X-Men: Messiah Complex One Shot


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X-Men: Messiah Complex One Shot


  • Words: Ed Brubaker
  • Art: Marc Silvestri w/ Sheldon Mitchell
  • Inks: Joe Weems w/ Marco Galli
  • Colors: Frank D'Armata
  • Story Title: Messiah Complex, Chapter One
  • Publisher: Marvel Comics
  • Price: $3.99
  • Release Date: Oct 31, 2007

So this is it, huh?  The big payoff from the utterly ridiculous, glorified What If…? that was House and the intriguing but exponentially melodramatic Species.  Yikes.  Well, I suppose it always takes a crossover to remind us why crossovers suck.

To be honest, I was aching for an X-event.  I missed those cheesy weekly serializations of yesteryear a la X-ecutioner’s Song and X-tinction Event, and lo, here it be again, nothing but X-books, one per week, for three months, the only real change being that the forced “X” in the storyline’s title came at the end rather than the front (Messiah Comple-X, which isn’t forced, but just forced into being focused upon, so that it can qualify as an X-crossover title).  So I was ready for this, especially as it was being orchestrated by writers Brubaker, Carey, David, Kyle, and Yost, especially especially as all the X-books seemed to be building up into something extraordinary, the \\\\\\"\\\\\\\\"\\\\\\\\\\\\\\\\"\\\\\\\\\\\\\\\\\\\\\\\\\\\\\\\\\\\\\\\\\\\\\\\\\\\\\\\\\\\\\\'\\\\\\\\\\\\\\\\\\\\\\\\\\\\\\\\\\\\\\\\\\\\\\\\\\\\\\\\\\\\\\\\\\\\\\\\\\\\\\\\\\\\\\\\\\\\\\\\"\\\\\\\\\\\\\\\\\\\\\\\\\\\\\\\\\\\\\\\\\\\\\\\\\\\\\\\\\\\\\\\\\\\\\\\\\\\\\\\\\\\\\\\\\\\\\\\\"\\\\\\\\\\\\\\\\\\\\\\\\\\\\\\\\\\\\\\\\\\\\\\\\\\\\\\\\\\\\\\'\\\\\\\\\\\\\\\\"\\\\\\\\"\\\\\\"storylines of each title too random and odd on \\\\\\'\\\\\\\\\\\\\\"\\\\\\\\\\\\\\"\\\\\\' their own.  Surely all the meandering meant something.  Surely it was all meticulously planned.

Unfortunately, that just didn’t prove to be the case.  Not only are all the previous X-stories of the past year not terribly relevant to Messiah Complex, but they tend not to fit with its basic premise in the least.  To wit: a baby has been born, a mutant baby whose powers are so potent, that its birth alone nearly overloads Cerebra and brings the X-Men, the Marauders, and the Purifiers all running to claim the infant first.  So a prized item with multiple parties fighting over it.  Tale as old as time.  That’s the big “event.”  Yawn.

Not only does it not make sense that a baby would be born with its mutant powers all aglow, right from the offset, but it makes even less sense that not one single character in the comic questions this.  Sure, a rare mutant offspring has developed their powers early on before (Cable as a tot, Franklin Richards), but it’s entirely unclear as to why this particular child’s birth has any meaning, or why it isn't considered an incredibly odd circumstance.  The entire issue is obsessed with proclaiming that the child is, indeed, super-duper important, but as none of the characters announcing this have any idea who or what the child is, it’s difficult to follow the logic behind it.  The bad guys may have reasons to know this, but why the X-Men and Professor X are chomping at the bit is a complete head-scratcher.  A new mutant birth is cause for celebration, but only because it means there’ll likely be more, not because this single child should hold any necessary import.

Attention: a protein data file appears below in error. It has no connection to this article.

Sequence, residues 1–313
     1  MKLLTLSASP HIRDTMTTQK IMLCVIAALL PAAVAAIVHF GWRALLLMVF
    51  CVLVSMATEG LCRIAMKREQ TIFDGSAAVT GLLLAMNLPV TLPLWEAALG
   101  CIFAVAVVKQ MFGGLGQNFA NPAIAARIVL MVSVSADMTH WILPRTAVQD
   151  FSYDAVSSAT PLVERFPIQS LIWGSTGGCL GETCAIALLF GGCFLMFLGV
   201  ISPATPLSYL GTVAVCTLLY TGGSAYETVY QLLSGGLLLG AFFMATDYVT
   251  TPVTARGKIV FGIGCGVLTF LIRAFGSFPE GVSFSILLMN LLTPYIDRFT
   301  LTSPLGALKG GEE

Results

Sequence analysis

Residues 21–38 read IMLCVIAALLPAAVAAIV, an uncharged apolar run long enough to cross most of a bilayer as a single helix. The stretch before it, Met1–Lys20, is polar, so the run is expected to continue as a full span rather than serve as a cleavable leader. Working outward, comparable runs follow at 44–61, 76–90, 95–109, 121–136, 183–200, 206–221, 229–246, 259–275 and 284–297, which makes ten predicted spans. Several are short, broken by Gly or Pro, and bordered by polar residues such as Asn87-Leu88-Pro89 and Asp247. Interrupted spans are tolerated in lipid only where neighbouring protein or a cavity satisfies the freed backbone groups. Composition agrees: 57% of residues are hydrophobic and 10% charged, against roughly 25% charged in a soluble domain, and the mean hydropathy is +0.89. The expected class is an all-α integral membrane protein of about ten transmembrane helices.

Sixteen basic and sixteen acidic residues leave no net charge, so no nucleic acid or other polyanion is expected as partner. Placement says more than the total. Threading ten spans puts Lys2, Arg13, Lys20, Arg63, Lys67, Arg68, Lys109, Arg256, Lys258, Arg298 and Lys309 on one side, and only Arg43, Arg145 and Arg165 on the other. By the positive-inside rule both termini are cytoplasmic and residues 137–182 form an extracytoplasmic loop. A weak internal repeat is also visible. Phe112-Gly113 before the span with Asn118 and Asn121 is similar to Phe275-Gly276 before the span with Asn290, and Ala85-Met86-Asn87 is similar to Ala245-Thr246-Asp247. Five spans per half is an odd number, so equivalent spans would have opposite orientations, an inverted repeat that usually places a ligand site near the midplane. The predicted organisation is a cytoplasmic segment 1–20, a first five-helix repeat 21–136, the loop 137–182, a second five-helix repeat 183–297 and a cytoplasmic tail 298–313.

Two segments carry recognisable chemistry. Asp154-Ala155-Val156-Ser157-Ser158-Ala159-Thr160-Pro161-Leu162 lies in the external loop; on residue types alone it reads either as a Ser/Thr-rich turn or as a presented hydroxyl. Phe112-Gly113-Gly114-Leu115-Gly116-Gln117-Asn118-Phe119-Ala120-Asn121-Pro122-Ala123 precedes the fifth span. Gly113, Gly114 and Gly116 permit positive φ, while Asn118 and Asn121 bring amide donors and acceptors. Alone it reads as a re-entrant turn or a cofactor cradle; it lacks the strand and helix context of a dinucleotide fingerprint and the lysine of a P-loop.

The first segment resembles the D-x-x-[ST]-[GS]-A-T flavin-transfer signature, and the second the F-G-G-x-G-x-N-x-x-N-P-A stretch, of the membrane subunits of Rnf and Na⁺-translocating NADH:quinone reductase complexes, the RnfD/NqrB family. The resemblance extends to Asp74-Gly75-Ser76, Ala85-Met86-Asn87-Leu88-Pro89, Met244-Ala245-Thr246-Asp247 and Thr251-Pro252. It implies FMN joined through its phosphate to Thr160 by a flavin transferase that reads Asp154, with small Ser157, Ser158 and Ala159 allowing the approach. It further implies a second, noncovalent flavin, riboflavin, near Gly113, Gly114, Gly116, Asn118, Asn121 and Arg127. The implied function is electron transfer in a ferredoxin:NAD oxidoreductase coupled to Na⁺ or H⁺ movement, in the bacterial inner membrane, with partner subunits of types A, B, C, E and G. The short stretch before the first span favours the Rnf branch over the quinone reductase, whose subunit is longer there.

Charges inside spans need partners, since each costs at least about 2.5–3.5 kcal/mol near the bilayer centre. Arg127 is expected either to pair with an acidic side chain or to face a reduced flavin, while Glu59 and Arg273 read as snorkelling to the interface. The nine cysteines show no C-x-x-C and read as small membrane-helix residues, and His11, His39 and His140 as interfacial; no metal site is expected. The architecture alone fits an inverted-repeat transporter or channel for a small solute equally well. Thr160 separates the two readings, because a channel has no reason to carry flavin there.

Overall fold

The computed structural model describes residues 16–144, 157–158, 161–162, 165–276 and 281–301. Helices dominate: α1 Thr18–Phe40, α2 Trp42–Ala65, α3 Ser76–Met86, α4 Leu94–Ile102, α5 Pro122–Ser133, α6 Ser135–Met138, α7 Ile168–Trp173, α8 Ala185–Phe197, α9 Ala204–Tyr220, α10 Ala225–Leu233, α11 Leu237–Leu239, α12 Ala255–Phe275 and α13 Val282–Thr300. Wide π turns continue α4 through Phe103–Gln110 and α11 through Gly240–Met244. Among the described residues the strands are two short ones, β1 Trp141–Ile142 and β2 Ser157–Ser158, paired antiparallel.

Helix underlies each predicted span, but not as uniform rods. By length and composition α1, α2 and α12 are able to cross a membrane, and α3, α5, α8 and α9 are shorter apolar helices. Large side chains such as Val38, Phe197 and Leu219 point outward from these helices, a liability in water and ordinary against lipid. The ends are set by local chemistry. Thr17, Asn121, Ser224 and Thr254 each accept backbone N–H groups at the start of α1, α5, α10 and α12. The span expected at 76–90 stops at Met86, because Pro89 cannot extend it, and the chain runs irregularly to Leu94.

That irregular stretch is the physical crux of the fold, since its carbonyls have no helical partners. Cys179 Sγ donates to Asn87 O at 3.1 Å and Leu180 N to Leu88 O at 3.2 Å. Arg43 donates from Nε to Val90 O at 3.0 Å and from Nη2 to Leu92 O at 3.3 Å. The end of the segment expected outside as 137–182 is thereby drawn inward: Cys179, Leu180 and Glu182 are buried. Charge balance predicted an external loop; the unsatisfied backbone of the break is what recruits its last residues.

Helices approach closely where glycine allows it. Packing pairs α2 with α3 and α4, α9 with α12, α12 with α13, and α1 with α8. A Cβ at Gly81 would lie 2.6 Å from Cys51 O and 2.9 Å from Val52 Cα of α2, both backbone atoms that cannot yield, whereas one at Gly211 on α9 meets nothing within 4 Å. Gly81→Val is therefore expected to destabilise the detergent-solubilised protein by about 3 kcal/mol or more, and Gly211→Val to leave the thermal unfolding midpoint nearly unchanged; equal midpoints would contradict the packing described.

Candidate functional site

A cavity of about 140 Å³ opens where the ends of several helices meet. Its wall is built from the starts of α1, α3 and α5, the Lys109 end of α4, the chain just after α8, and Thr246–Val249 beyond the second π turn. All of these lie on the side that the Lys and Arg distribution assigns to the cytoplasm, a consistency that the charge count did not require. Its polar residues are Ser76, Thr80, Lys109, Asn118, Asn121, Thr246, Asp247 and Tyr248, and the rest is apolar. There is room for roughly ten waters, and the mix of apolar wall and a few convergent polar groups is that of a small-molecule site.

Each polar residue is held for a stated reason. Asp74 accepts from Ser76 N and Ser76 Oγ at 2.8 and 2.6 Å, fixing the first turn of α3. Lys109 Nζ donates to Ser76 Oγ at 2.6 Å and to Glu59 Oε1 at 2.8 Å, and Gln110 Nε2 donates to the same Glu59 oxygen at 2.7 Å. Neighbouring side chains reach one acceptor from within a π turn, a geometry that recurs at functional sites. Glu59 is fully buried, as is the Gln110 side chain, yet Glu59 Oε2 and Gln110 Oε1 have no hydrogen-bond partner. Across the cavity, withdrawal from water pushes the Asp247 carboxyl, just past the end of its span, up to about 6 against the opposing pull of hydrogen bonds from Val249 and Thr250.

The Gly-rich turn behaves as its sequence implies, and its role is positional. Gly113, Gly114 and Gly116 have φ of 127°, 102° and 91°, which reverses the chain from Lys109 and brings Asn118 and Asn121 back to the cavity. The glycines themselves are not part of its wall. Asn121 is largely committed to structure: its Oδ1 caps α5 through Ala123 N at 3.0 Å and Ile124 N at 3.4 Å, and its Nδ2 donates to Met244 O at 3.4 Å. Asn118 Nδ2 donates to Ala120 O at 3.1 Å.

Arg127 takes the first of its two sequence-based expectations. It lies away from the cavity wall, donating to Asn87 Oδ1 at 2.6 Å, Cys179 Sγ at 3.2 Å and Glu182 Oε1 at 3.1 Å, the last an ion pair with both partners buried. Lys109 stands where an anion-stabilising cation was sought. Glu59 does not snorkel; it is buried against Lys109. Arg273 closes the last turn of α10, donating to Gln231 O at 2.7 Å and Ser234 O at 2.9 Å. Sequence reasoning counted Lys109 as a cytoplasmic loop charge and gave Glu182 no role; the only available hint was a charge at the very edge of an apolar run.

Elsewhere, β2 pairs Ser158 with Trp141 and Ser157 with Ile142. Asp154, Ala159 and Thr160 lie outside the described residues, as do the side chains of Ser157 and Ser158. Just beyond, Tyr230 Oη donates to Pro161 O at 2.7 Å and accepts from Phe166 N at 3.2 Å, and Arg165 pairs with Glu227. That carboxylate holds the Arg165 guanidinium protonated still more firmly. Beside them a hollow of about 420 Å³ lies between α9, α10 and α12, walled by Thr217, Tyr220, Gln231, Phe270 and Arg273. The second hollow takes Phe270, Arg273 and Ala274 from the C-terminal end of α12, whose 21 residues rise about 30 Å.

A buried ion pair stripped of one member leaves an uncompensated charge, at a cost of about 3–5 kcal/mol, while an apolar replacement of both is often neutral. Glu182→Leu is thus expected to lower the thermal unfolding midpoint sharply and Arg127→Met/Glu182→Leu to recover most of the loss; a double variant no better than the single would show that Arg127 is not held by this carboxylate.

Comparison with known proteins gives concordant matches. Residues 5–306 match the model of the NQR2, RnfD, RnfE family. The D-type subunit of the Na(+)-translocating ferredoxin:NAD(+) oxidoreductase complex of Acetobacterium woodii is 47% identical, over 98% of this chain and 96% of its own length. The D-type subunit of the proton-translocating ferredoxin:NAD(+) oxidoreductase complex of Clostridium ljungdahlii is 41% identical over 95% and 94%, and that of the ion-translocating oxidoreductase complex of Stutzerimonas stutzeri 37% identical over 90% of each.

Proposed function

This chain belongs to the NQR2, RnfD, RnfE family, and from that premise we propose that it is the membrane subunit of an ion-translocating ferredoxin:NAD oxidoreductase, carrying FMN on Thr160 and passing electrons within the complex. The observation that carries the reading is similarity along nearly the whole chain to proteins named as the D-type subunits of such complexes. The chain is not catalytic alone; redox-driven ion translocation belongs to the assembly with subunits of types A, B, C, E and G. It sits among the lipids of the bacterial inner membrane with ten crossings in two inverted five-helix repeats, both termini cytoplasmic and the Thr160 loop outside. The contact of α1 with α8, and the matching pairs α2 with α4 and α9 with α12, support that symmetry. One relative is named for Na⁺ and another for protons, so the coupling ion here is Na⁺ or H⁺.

The execution of the story is then textbook old-school crap crossover banter with big shocking event that just happens to occur right when it needs to for heroes to notice it, a lot of posturing, of lot of proclaiming that this story is H-U-G-E, a lot of melodrama when confronted with a tragedy that utterly pales in comparison to the tragedies witnessed throughout just the last two years of X-Men stories by Brubaker and Carey, and then that’s \\\\\\"\\\\\\\\"\\\\\\\\\\\\\\\\"\\\\\\\\\\\\\\\\\\\\\\\\\\\\\\\\\\\\\\\\\\\\\\\\\\\\\\\\\\\\\\'\\\\\\\\\\\\\\\\\\\\\\\\\\\\\\\\\\\\\\\\\\\\\\\\\\\\\\\\\\\\\\\\\\\\\\\\\\\\\\\\\\\\\\\\\\\\\\\\"\\\\\\\\\\\\\\\\\\\\\\\\\\\\\\\\\\\\\\\\\\\\\\\\\\\\\\\\\\\\\\\\\\\\\\\\\\\\\\\\\\\\\\\\\\\\\\\\"\\\\\\\\\\\\\\\\\\\\\\\\\\\\\\\\\\\\\\\\\\\\\\\\\\\\\\\\\\\\\\'\\\\\\\\\\\\\\\\"\\\\\\\\"\\\\\\" about it.

Superstar Marc Silvestri turns in a highly disappointing package as well.  His style is simply too stiff, too overwrought; it belongs to a different era.  Even with Sheldon Mitchell on “Background Assists,” the final product looks like a low-budget indie with big-budget, flat-\\\\\\'\\\\\\\\\\\\\\"\\\\\\\\\\\\\\"\\\\\\' as-hell but -- hey, look, shiny! -- colors.

All in all a very disappointing start to this next big thing of X-dom.  There’s a lot more to come, and plenty of time for the story to make sense of itself, but the nuisance of this opening one shot is that writer Brubaker doesn’t treat the story as though it’s going to utilize its length to establish its intentions.  Instead, like a weird hybrid of infomercial and entertainment, the book waxes instructive on the reasons why it’s so awesome, so dramatic, so important, so necessary for you, yes, YOU to own and read this comic and follow the story into next week NOW.  Do not hesitate, because this incredible offer ends in only thirteen weeks, and just look at what you’d be missing!

Twenty-two pages later, and I was honestly not giving a good god &$^#.

And don’t get me started on why, yet again, following in the footsteps of One More Day, Marvel has published a regular-sized story that costs readers a whole buck extra to purchase.  Which is a rip-off, especially given that the book’s contents are far poorer than any other $2.99 mag out this week.

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